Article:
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Hollis facility helps people maintain fitness goals in winter

By Staff | Dec 5, 2010

HOLLIS – Colder weather and shorter days can often slow down even the most dedicated with their fitness routine.

Add the holiday season to that, and many will be wishing they had passed on the cheesecake when they try to button their “skinny jeans.”

Bodies Defined Fitness Studio owner and trainer David Holman says winter weight gain is fueled by many factors.

“Colder temperatures keep many of us indoors,” Holman said. “Less exercise means a slower metabolism. Less sunlight can make us feel depressed and cause craving for high-carb comfort foods.”

Coupled with high-calorie temptations at holiday gatherings, Holman says people quickly fall behind on their health and fitness goals.

Holman and his wife, Kim, run a fitness studio in Hollis. Both are personal trainers and say that they hope to help local residents lead a healthier life. Acknowledging the growing trend toward an overweight population, they agree it’s never too soon to start or too late to change.

Recent reports from the Centers for Disease Control and Prevention suggest the estimated prevalence of obesity among adults was 26.7 percent in 2009 and now affects 17 percent of all children and adolescents in the United States. Obesity contributes to several leading causes of death, including heart disease, stroke, diabetes and even some types of cancer.

According to the CDC, obesity also affects rising health care costs: On average, people who are obese have medical costs that are $1,429 more than people of normal weight.

To help jump-start fitness endeavors, as well as encourage long-term improvements, Bodies Defined offers a “12 Weeks to Your New Body Challenge.” This nutrition and wellness program includes personal training, group fitness classes, a nutrition seminar, supplement guidance, a healthy cooking class, a detailed workout log, fitness assessments and before-and-after measurements.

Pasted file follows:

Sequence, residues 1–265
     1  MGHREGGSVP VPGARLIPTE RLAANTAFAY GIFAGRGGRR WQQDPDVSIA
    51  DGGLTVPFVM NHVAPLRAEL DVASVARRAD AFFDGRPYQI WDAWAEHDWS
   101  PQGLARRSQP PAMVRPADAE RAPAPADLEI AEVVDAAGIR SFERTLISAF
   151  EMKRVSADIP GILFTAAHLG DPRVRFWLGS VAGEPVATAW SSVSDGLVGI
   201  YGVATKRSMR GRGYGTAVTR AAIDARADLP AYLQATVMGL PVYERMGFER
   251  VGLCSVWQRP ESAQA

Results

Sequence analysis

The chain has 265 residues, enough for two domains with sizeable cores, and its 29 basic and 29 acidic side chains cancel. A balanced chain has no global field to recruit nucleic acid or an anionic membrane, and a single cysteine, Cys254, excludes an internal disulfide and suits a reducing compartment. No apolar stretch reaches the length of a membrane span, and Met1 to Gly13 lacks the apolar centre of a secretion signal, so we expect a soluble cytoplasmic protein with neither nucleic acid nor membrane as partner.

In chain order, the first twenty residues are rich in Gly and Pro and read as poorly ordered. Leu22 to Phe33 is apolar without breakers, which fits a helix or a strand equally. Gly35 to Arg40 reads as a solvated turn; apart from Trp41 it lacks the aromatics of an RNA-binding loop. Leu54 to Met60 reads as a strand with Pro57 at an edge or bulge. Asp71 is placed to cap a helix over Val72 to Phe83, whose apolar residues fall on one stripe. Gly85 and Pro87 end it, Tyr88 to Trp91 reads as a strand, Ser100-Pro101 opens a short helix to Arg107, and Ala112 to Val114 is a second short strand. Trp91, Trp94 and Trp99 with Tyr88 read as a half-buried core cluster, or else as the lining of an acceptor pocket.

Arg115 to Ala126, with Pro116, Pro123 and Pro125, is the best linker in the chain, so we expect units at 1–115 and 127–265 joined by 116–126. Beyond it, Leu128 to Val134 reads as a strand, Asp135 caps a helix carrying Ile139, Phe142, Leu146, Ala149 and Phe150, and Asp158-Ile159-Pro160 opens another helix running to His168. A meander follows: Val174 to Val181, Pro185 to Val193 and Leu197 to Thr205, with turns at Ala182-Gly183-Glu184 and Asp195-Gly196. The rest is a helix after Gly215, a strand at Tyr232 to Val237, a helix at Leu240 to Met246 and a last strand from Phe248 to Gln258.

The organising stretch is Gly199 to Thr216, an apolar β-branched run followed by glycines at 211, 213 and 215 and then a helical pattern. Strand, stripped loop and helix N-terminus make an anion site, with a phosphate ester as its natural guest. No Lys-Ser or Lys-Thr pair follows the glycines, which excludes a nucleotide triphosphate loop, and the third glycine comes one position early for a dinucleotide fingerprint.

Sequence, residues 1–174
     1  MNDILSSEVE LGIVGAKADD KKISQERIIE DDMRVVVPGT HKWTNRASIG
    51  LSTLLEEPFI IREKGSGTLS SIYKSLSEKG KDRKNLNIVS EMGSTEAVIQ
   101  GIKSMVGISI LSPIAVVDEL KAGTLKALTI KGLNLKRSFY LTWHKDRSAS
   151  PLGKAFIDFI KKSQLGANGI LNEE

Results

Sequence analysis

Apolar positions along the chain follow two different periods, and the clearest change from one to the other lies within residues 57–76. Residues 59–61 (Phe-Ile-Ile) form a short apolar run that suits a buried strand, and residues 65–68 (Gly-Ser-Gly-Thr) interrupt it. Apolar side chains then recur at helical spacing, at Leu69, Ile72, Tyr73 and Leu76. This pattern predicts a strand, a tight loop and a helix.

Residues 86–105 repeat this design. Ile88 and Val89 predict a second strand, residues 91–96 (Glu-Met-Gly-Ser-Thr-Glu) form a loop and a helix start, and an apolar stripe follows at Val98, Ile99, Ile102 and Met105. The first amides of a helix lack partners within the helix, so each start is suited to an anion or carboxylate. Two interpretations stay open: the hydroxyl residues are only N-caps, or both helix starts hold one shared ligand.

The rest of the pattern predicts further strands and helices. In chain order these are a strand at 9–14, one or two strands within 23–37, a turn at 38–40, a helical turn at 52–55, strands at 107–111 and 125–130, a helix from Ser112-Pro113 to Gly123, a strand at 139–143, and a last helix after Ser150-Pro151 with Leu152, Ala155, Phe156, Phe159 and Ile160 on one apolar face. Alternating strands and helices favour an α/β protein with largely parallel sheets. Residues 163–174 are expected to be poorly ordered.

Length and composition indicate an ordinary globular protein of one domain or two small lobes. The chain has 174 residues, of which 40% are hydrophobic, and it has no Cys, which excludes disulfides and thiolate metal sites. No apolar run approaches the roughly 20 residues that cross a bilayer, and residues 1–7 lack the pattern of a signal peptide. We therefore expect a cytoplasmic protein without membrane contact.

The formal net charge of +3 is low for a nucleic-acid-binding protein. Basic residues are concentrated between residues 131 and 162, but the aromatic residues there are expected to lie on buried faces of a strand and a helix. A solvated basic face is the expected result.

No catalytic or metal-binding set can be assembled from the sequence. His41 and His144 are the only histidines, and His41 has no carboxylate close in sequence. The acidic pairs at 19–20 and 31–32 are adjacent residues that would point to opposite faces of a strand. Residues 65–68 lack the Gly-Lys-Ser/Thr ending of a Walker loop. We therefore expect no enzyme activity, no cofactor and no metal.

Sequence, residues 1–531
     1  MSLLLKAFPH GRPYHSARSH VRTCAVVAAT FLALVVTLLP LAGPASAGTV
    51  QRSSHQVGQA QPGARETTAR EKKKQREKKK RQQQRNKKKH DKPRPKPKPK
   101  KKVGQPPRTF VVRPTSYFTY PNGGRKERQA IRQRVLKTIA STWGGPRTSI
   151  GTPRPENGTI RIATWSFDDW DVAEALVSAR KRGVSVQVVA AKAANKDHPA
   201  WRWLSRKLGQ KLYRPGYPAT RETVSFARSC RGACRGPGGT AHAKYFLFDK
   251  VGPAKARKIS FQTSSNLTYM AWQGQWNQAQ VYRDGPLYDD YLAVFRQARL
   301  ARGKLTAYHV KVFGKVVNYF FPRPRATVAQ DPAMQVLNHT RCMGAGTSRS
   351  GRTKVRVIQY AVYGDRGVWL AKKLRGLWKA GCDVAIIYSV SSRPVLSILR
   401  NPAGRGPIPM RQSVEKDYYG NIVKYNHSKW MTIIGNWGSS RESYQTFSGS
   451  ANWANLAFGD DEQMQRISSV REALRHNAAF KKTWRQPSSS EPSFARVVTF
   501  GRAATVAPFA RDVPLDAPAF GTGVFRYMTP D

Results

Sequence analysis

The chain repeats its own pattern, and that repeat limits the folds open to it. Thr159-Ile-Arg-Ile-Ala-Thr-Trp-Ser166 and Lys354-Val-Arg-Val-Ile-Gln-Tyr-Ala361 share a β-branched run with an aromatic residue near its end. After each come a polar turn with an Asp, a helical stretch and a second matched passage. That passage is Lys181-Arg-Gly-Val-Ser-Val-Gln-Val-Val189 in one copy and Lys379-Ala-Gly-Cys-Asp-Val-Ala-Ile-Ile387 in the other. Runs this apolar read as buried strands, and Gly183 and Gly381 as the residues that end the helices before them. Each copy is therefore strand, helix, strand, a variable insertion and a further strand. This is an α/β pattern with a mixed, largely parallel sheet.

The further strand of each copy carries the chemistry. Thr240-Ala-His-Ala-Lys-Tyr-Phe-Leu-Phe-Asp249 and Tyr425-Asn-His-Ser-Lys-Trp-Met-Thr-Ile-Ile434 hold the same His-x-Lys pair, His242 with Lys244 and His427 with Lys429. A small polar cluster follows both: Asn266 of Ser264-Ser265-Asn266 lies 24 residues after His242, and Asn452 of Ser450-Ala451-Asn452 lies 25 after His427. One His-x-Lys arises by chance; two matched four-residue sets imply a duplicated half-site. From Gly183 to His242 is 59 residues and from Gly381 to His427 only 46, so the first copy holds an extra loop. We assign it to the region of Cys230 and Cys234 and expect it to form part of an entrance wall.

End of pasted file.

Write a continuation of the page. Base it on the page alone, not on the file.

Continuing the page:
“We wanted to put together a comprehensive program where clients could see real results in a reasonable amount of time,” Kim Holman said. “Our debut groups of participants lost a combined total of 527.4 pounds and 528.3 inches.

“Now, we are running our third challenge with many of our earlier participants still committed to their healthier lifestyles. There is nothing more motivating than feeling good and looking better.”

Challenge participant Althea Proko is only halfway through the current 12-week program, and says she has already enjoyed some “big changes.”

“This program is a good incentive to improve your life,” she said.

The challenge is tailored to meet each individual’s needs and also limitations. All participants are expected to consult their doctors and monitor their physical wellness as needed to prevent injuries. Participants are weighed and measured regularly to instill some friendly competition and determine the overall “winner.”

“Although we award an overall winner to the challenge, there are no losers,” Brian Benoit said. “Anyone willing to take on the program and commit to the workouts is a winner by any standard. We help each person aspire to their personal best.”

Benoit, a certified personal trainer with more than 20 years of teaching experience, is the kickboxing and kettlebell instructor at Bodies Defined. Also a second-degree black belt in tae kwon do, Benoit designs workouts for every level that are intense, yet fun.

Sally Cadman, an advanced practice nurse and amateur horse rider, has been working out at Bodies Defined for more than a year. She said her initial goals included stress management through exercise and a stronger core to improve her abilities in the saddle as an avid equestrian.

“I have been able to work and improve even with osteoarthritis,” Cadman said. “I’m able to get the benefits of lifting weights safely.”

For those already thinking about New Year’s resolutions, the next 12-week challenge” will begin Jan. 21.


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